"[A]mong the dozen newly disclosed holdings revealed in the amended forms are a checking account at a federal credit union with a balance between $250,0000 and $500,000; three vacant lots in Glassboro, N.J., valued at a total of $1,000 to $15,000; and stock in PepsiCo worth between $15,000 and $50,000. The new [disclosure] forms report that Rangel’s total net worth is between $1,028,024 and $2,495,000 — about twice the amount listed in the original disclosure statement, filed in May 2008, which declared assets totaling between $516,015 and $1,316,000."
Rangel was also accused of:
- taking a $1 million contribution to the Rangel Center at City College from a wealthy businessman whose company sybsequently received a lucrative tax break; and
- accepting a Citigroup-funded trip to the Caribbean in November 2008, when the bank was in the midst of squandering much of the bailout money it had received from the federal government.
When "Hot Air TV" producer Jason Mattera asked Rangel, on hidden camera, to comment about his continuing tax issues, the congressman replied angrily, "Why don't you mind your own goddamn business?"
On March 3, 2010, Rangel stepped down from his post as the Ways
and Means Committee chairman. The move, which Rangel said was "temporary," came after House Speaker Nancy Pelosi told the congressman that he did not have enough votes to survive an expected Republican challenge to his chairmanship.
In April 2010, Rangel condemned Arizona's Republican governor, Jan Brewer, for having signed into law a bill deputizing state police to check with federal authorities on the immigration status of any individuals whom they had stopped for some legitimate reason, if the behavior or circumstances of those individuals led the officers to suspect that they might be in the United States illegally. Said Rangel: "The racism in this country is well known. Arizona has just pulled the sheets off of it."
On July 29, 2010, House investigators accused Rangel of 13 violations of congressional ethics standards, including, in addition to those listed above, such transgressions as:
- use of congressional staff and stationery to raise money for the New York City college center named in his honor;
- acceptance of favors and benefits from donors that may have influenced his votes in Congress; and
- misuse of the congressional free mail privilege.
Said Rangel in response to the allegations: "Even though they are serious charges, I'm prepared to prove that the only thing I've ever had in my 50 years of public service is service. That's what I've done and if I've been overzealous providing that service, I can't make an excuse for the serious violations."
On the eve of Rangel's ethics trial in November 2010, it was reported
that during 2009-10, the congressman had improperly used $393,000 from his National Leadership political-action committee to pay for his legal defense -- yet another breach of House ethics. Politicians typically use Leadership PACs to donate money to other candidates. According to the House Ethics Manual: "The only campaign funds that a member may use to pay for congressional expenses are funds of his or her principal campaign committee -- not the funds of a leadership PAC or a multicandidate committee."
Apart from the $393,000 in PAC funds, records show that Rangel used $1.4 million from his campaign coffers in 2009 and 2010 to pay the firm Zuckerman Spaeder, his main legal-defense team; plus $100,000 in 2009 to pay Lanny Davis' law firm; plus $147,577 for the Washington, DC-based attorney John Kern; plus $174,303 for Watkins, Meegan, Drury & Co., a firm that provides forensic accounting and legal services. These transactions were legally permissible.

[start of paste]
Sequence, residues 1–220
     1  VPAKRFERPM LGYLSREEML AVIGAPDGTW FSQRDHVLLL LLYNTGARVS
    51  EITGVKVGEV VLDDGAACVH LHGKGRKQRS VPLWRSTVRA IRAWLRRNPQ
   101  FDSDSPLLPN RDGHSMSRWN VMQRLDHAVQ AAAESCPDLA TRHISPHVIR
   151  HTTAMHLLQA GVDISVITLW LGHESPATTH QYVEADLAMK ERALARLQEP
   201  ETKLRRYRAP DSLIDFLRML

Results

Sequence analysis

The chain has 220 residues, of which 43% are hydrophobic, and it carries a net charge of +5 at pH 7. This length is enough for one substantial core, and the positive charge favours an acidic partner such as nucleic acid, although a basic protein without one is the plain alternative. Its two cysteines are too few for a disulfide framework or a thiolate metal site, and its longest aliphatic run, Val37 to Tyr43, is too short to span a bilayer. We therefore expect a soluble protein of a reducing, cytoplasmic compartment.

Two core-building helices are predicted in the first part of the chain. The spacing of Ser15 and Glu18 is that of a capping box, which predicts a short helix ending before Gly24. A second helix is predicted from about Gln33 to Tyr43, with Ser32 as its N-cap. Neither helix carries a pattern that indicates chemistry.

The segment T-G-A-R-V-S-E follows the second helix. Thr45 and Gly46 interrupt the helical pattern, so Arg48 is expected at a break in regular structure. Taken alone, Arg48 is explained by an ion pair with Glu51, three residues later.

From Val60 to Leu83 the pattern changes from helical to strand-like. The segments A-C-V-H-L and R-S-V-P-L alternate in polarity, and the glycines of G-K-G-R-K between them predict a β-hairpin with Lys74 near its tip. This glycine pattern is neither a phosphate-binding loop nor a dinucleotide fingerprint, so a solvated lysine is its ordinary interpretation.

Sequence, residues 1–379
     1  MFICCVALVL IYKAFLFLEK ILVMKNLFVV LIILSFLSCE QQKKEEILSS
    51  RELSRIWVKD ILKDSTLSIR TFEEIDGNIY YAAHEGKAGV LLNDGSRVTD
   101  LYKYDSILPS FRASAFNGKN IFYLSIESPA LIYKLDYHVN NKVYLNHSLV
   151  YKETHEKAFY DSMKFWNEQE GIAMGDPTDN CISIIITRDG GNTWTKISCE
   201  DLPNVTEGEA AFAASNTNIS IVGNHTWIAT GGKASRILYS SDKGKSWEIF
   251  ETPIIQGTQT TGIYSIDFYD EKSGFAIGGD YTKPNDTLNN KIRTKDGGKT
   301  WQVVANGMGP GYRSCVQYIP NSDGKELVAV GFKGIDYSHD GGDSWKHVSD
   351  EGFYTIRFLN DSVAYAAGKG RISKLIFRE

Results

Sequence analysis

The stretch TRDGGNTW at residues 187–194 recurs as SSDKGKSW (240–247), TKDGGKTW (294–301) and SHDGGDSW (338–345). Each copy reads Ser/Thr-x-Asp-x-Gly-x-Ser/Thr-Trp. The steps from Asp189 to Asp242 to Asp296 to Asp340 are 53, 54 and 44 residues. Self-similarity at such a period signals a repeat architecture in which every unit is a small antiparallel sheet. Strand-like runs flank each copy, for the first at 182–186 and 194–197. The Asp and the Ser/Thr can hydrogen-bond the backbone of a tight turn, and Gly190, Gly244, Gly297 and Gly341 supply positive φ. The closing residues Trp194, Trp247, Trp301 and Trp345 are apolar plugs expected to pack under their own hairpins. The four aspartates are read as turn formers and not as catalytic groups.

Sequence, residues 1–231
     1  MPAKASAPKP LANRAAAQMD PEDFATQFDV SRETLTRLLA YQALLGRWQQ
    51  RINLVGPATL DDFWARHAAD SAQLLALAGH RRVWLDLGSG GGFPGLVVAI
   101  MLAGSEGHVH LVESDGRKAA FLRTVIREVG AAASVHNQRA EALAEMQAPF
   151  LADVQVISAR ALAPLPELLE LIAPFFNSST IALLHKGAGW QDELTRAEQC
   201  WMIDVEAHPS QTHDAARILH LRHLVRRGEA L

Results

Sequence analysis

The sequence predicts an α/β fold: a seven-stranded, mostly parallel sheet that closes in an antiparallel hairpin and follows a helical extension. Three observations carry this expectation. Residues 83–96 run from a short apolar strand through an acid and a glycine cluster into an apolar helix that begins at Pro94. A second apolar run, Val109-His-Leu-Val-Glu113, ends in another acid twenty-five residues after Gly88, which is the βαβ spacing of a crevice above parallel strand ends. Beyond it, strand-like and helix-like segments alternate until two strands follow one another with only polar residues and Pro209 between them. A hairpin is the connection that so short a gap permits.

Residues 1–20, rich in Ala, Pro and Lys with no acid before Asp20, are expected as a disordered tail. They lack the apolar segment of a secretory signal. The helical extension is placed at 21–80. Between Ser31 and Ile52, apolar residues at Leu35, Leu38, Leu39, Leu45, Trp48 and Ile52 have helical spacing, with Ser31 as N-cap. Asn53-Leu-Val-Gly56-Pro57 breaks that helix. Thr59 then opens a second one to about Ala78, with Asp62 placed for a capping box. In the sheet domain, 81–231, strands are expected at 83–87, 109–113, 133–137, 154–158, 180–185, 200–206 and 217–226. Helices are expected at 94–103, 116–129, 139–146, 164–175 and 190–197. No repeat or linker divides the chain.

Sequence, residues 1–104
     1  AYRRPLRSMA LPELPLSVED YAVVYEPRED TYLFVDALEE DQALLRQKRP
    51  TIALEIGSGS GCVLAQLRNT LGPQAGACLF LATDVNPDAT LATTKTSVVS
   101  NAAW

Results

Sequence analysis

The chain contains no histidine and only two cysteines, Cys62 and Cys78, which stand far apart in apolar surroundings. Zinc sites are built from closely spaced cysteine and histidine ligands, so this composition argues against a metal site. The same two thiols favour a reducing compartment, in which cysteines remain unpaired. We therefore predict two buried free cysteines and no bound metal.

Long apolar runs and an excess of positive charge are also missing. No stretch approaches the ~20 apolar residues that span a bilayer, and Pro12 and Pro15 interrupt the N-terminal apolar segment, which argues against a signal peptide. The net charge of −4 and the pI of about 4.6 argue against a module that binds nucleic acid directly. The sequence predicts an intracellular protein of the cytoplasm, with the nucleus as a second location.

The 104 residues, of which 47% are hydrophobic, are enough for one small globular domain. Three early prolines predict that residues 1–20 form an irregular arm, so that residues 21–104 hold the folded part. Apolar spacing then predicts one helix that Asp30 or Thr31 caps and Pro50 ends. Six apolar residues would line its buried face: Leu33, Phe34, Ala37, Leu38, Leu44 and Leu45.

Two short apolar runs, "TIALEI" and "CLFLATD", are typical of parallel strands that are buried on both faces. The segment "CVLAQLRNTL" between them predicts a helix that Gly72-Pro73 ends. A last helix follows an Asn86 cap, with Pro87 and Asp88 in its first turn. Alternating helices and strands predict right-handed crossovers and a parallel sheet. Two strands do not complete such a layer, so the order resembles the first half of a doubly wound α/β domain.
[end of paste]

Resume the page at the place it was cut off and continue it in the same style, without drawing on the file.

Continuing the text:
On November 15, 2010, Rangel appeared before a House ethics subcommittee and tried to delay his trial, claiming that he could not afford to hire an attorney after having incurred nearly $2 million in legal fees during the previous two years. Having said that, Rangel walked out of the proceedings. The subcommittee nonetheless deliberated over the congressman's charges.
The next day, the ethics subcommittee convicted Rangel on 11 of the 13 counts against him, thereby setting the stage for a full ethics panel to hold a sanctions hearing, where it would recommend a punishment. Asked if he had any reaction to the subcommittee's decision, Rangel told reporters, "Nope, none." In an official statement, the congressman then denounced the ethics subcommittee's "unprecedented" decision, claiming that his "due process rights" had been violated since the ruling was issued in spite of the fact that Rangel had no legal representation and "was not even in the room" during the proceedings.
On November 18, 2010, the House ethics committee voted 9-1 in favor of censuring Rangel and requiring him to pay any unpaid taxes on unreported rental income from his vacation home in the Dominican Republic. "I was not trying to criminally hide anything from the IRS or from the Congress," said Rangel, explaining that he was guilty of nothing more than sloppy record-keeping.
On December 2, 2010, the full House of Representatives voted 333 to 79 in favor of censuring Rangel for financial misconduct, thereby making him the 23rd House member ever to be censured -- and the first since since 1983. The censure proceedings required Rangel to appear at the front of the chamber while Speaker Nancy Pelosi read the resolution. Short of expulsion, censure is the most severe punishment that the House can levy against a member.
Despite the censure, Rangel was able to defeat the Democrats who made a bid to take his House seat in 2012. In June of that year, Rangel won his District's Democratic primary by a margin of 45.7% to 39.1 over his closest opponent, Adriano Espaillat. A Dominican-American state senator, Espaillat had been expected to benefit from the District's newly redrawn boundaries which gave the area a much larger Latino population.
Rangel serves as an honorary
for Democratic Action,
along with such notables as Barney Frank,